HDMI Cable Extender using Cat5e network cable.
HDMI Cable Extender
Lower cost HDMI cable’s maximum length is about 50ft for 1920 x 1080 resolution before the picture begins to degrade. If you need a longer length, one way is to use TX to RX CAT5e/6 Cable Extender boxes. These cost about $25 for the pair and require only one 5VDC wall wart power supply. POE (power over ethernet) or POC (power over cable) supplies DC power for both the TX and the far end RX box. It is always good to eliminate yet-another wall wart as POE/POC does.
Basics: How they work:
The input video source (in this case a HDMI camera or a TVI/AHD/CVI converter output) is connected to a balun transformer (balanced to un-balanced). This lets the signal be sent down the CAT5e or CAT6 ethernet cable on its tightly twisted pairs while providing good immunity to noise. At the far end, the CAT cable receives the signal and passes it through another balun and then to the HDMI cable.
Connect a camcorder/camera, PC or other HDMI device’s output to the input of the TX box using a HDMI cable. If the camera has AHD/CVI/TVI analog technology using 75ohm coax cable, then the signal must be converted to HDMI. A different black box for this purpose is required (see pic below). An AHD security camera, for example, may then be extended hundreds of feet from the input of the HDMI TX Extender input. The HDMI signal out may now be sent down a long ethernet cable to the RX Extender box and out it’s HDMI connector to a TV, monitor, HIDes transmitter or some other HDMI device. Refer to the pictures below for the connections.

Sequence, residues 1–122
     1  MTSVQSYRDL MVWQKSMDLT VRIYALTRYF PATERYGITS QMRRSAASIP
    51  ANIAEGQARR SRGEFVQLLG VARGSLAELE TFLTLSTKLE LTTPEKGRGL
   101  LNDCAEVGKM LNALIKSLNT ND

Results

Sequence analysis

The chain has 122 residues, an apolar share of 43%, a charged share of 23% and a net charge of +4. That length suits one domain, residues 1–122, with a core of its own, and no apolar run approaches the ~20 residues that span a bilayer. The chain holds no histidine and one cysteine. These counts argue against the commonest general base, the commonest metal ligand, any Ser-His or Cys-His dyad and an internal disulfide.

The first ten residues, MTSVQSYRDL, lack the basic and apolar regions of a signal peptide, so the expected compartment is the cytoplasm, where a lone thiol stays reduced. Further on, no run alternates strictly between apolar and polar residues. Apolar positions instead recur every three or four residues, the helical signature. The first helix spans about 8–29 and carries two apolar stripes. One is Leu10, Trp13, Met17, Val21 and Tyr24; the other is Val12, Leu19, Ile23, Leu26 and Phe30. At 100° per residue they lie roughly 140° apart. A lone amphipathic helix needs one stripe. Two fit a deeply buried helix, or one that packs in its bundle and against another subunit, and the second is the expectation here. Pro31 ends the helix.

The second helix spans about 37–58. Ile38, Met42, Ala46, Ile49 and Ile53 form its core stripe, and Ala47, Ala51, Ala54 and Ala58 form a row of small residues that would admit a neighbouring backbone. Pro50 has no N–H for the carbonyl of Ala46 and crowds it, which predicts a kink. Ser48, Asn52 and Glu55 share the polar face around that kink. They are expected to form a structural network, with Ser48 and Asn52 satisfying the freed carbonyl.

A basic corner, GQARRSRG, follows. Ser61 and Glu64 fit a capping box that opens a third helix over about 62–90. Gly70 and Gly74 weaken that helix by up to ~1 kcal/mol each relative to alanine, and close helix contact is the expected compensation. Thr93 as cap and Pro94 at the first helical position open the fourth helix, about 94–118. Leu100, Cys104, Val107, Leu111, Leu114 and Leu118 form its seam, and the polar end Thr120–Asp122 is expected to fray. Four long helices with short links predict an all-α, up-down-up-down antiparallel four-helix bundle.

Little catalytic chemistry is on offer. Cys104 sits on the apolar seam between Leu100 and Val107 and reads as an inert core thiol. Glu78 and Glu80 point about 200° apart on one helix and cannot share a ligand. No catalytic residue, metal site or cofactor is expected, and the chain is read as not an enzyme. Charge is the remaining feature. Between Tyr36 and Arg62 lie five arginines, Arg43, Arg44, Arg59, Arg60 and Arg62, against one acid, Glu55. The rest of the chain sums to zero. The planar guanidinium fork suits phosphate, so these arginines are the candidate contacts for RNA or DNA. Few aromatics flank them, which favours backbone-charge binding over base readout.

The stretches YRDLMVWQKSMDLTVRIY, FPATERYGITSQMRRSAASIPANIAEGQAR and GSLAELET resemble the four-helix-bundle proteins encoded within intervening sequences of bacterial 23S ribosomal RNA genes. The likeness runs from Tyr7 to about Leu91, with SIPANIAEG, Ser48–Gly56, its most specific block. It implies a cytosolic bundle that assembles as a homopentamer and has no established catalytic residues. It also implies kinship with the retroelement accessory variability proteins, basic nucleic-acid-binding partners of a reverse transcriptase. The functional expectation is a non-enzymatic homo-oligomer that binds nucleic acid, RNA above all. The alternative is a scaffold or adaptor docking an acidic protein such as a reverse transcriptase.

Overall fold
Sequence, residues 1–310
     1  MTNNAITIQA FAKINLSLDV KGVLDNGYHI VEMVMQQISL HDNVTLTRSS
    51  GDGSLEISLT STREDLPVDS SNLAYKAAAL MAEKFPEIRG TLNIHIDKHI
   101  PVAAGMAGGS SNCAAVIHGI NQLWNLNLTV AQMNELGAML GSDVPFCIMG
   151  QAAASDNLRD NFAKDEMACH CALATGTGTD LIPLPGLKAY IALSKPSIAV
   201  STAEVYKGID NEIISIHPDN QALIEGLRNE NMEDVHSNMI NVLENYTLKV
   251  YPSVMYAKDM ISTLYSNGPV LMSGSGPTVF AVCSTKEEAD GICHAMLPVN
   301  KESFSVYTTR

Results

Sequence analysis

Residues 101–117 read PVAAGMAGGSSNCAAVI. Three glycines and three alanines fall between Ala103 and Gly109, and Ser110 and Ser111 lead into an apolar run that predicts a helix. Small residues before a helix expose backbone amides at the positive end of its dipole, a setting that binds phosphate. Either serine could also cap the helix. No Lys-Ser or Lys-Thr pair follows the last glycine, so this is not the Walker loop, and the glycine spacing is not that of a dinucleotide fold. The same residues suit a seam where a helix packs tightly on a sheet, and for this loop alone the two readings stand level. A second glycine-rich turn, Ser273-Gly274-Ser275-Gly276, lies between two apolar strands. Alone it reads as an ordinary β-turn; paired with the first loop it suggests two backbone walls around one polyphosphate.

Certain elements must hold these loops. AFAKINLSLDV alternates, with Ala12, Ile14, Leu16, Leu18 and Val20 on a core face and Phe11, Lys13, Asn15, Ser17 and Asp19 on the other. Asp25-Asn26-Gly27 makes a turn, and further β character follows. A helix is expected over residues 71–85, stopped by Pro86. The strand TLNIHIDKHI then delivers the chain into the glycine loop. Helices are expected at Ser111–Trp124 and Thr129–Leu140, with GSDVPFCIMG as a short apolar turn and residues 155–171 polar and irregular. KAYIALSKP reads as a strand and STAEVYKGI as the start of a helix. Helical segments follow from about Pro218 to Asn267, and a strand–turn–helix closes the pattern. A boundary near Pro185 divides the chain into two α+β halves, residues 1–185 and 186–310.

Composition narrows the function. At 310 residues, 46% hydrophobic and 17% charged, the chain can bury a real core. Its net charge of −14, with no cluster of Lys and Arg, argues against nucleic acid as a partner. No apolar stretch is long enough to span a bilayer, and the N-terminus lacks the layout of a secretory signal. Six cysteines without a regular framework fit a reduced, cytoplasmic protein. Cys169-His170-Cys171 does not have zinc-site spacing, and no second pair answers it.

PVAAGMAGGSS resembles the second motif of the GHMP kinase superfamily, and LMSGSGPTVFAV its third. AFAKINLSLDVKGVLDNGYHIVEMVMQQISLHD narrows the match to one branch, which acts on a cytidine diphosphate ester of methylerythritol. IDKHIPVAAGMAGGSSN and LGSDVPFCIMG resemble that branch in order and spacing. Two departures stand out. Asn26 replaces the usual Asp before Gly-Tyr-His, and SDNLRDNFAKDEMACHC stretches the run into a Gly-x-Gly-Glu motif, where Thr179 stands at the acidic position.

Where to find them:
Amazon, eBay, etc. Extenders are readily available for a variety of applications. For our DATV application, a low cost one should work just fine. Search for HDMI Cable Extender.
Spectrum Analyzer for 2m and 70cm
Want to monitor your Digital ATV signal? Here is a low-cost spectrum analyzer that will do just that. Set up is easy and just needs a short whip antenna connected to one of its BNC connectors to pick up the transmitter signal. Of course, it has many other uses as well especially for tuning a duplexer. I have had mine on monitoring DVB-T signals, the repeater, and my DMR hotspot for about a year now and it works great.
Currently, it sells for $120 but Banggood discounts often so you may find it for less.
Here are the specs:
– Frequency range: 136-173MHz 400-470MHz
– Spectrum dynamic range: -127dBm — 0dBm
– Resolution: 1dB
– Tracking source output power: ≈ -38 dBm
– Interface: BNC-F
– Power: need external DC 8 – 12V
RF EXPOSURE CALCULATOR
Introduction to Digital ATV Presentation by Mel, KØPFX at the January 25, 2020 Winterfest in Collinsville, IL. This is a great video to learn the basics of Digital ATV.
One of the least expensive, easiest and quickest ways to get on the air
Using the UT-100B Dongle
HiDes UT-100B Dongle
Find one on eBay
Mel, KØPFX, demonstrates how easy it is to set up a Digital ATV station.
A more versatile setup
HV-310 TX Front and Back
HiDes HV-310E TX and
Simple Block Diagram
HV-110 Receiver (front)
Find one on eBay
HV-110 Receiver (rear)
DVB-T Diagram with Interface
Complete DVB-T Station
Class A Linear Amp from Darko, OE7DBH ~10 watts out
Resources on the Web…
Jim Andrews Amplifiers and DATV app notes: